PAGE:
Christmas in Connecticut at Goodspeed Opera House
Christmas in Connecticut, the 1945 Warner brothers film, is a sappy, sentimental, but nonetheless highly enjoyable rom-com (to use a turn of phrase not yet then coined). Its success is due largely to the chemistry between stars Barbara Stanwyck and the now largely forgotten Dennis Morgan.
The film has enjoyed a robust afterlife with many people citing it as their favorite holiday film. Amazon ranks the DVD as #9 in “Romance (Movies & TV).”
In a shameless attempt to save myself some time, here is Christmas in Connecticut’s plot summary courtesy of Wikipedia:
“Elizabeth Lane (Barbara Stanwyck) is a single New Yorker, employed as a food writer. Her articles about her fictitious Connecticut farm, husband, and baby are admired by housewives across the country. Her publisher, Alexander Yardley (Sydney Greenstreet), is unaware of the charade and insists that Elizabeth host a Christmas dinner for returning war hero Jefferson Jones (Dennis Morgan), who read all of her recipes while in the hospital and is so fond of them that his nurse/fiancée Mary Lee (Joyce Compton), wrote a letter to the publisher. Facing a career-ending scandal, not only for herself but for her editor, Dudley Beecham (Robert Shayne), Lane is forced to comply. In desperation, Elizabeth agrees to marry her friend, John Sloan (Reginald Gardiner), who has a farm in Connecticut. She also enlists the help of her chef friend and “honorary uncle” Felix Bassenak (S. Z. Sakall), who has been providing her with the recipes for her articles.”
Christmas in Connecticut, the musical now enjoying its world premiere at the Goodspeed Opera House in East Haddam, Connecticut, works some intriguing variations on the film’s plot. The changes wrought by Patrick Pacheco and Erik Forrest Jackson, who co-wrote the book, do not necessarily improve on the original, but they do no harm and add some twists that will amuse and perhaps surprise those familiar with the film.
As to further plot specifics, my lips are sealed. Far be it from me to spoil anyone’s fun. If you are so disposed to see the show, rent the film beforehand to maximize your enjoyment.
Under the direction of Amy Anders Corcoran, and taking into account obvious budget restraints, Goodspeed is giving Christmas in Connecticut a sturdy if not spectacular production. While a Broadway transfer is probably a non-starter, it’s easy to see how the show could become a holiday season staple at regional and community theatres, which no doubt explains why Broadway Licensing commissioned it.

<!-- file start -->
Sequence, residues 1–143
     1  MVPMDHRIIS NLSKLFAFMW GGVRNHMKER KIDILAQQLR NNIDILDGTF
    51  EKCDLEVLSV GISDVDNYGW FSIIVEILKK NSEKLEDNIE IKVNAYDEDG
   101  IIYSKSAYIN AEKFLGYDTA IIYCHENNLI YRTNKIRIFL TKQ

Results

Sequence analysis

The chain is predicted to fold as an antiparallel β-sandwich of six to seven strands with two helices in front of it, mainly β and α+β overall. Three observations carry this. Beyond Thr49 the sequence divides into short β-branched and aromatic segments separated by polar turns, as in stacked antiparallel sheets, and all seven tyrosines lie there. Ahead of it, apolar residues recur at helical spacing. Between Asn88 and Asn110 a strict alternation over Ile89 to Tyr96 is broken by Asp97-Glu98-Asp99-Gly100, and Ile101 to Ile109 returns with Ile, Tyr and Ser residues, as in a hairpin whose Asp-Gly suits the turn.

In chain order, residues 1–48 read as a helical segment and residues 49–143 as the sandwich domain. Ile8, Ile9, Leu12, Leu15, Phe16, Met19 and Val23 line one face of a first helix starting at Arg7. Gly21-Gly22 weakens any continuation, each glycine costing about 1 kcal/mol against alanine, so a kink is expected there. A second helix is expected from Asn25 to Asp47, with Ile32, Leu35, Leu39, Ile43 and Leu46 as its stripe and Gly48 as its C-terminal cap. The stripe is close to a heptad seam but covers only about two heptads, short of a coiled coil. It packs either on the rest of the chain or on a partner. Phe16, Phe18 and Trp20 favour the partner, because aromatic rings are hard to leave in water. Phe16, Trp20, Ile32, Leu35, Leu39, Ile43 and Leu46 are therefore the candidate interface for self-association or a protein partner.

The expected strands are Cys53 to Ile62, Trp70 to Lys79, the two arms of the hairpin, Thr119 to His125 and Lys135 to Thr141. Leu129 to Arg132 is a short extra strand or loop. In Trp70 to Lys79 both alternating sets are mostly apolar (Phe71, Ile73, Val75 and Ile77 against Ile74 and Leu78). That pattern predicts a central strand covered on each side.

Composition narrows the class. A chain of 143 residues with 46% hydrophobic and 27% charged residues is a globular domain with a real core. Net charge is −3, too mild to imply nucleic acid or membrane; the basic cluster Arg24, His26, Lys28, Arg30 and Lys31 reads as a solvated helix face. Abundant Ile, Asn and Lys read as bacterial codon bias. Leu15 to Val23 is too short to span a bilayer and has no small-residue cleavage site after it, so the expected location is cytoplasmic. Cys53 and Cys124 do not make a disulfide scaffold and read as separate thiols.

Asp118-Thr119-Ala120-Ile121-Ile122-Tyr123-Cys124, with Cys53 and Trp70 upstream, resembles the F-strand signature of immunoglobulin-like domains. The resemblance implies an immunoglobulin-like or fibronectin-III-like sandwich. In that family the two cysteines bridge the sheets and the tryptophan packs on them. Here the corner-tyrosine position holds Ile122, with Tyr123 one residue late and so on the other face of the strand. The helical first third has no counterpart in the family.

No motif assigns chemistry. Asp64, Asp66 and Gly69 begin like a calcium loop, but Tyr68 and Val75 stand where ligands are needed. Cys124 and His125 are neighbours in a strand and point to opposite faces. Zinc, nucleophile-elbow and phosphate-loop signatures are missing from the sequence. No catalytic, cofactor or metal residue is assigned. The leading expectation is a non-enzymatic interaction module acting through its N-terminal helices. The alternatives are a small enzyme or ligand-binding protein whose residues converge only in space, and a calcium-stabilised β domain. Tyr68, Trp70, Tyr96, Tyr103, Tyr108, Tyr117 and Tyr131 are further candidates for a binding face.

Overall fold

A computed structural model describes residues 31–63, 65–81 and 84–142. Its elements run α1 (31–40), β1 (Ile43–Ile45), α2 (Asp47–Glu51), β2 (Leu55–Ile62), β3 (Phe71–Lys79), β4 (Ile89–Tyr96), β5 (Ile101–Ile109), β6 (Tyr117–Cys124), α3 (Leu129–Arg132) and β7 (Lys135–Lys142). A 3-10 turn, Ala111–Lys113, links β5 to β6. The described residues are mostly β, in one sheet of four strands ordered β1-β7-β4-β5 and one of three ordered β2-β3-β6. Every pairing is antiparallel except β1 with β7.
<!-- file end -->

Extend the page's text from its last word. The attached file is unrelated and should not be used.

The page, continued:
The music by Jason Howland, along with the clever lyrics of Amanda Yesnowitz, are perfectly tuneful but seldom leap out as numbers destined to become standards. One exception is “May You Inherit,” a Christmas carol that closes the show. The tune is beautiful, the lyrics inspirational, and it deserves to enter the Christmas repertoire.
Lawrence E. Moten III has created a clever set (including a lovely period-style drop curtain, above) that seamlessly moves the action from New York City to Christmas in Connecticut. The Goodspeed’s stage does not lend itself to lavish production numbers (the place dates from 1877), but choreographer Marjorie Failoni manages a cute tap-dance-y one for the star-spangled “American Dream” number.
Nice contributions, too, from Herin Kaputkin (costumes), Rui Rita (lights), and Adam Souza (music direction). My only complaint was the overly aggressive amplification.
The cast is solid and their bios attest to pedigrees that include Broadway understudy gigs, first national tours, and the like. I especially enjoyed the lovely Audrey Cardwell as Liz; Josh Breckenridge, who brings an infectious aw-shucks charm to Jefferson Jones; James Judy as the frisky chef Felix Bassenak; and Matt Bogart as a leftie farmer.
Christmas in Connecticut is an engaging little musical and, if you are within hailing distance of East Haddam, it can provide a perhaps welcome break from the usual holiday offerings of The Nutcracker and endless variations on A Christmas Carol .
Christmas in Connecticut plays through December 30, 2022. For more information and to buy tickets, visit the Goodspeed website.
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